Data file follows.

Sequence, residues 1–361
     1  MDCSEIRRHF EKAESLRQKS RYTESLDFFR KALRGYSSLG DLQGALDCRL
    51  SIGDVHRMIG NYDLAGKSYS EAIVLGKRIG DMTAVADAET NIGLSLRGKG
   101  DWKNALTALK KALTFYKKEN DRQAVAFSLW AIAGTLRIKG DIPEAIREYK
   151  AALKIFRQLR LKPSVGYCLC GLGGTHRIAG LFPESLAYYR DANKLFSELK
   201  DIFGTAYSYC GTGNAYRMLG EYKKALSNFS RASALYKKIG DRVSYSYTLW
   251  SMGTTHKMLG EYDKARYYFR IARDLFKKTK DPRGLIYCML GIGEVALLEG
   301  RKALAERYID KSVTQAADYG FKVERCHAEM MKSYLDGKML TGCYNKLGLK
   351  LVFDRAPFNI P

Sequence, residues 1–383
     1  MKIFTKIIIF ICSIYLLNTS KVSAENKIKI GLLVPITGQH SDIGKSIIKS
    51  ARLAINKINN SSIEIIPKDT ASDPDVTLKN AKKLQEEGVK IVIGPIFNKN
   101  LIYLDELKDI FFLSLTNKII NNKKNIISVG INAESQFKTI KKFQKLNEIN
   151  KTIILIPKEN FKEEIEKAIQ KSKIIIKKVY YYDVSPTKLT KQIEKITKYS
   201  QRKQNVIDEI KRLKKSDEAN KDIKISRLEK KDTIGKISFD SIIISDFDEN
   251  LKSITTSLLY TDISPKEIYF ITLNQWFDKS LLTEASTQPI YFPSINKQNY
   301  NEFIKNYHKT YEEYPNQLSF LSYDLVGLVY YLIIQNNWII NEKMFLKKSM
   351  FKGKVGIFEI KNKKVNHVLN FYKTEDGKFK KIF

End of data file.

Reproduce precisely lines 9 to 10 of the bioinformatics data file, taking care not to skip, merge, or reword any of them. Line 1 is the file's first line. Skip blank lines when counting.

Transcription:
   351  LVFDRAPFNI P

Sequence, residues 1–383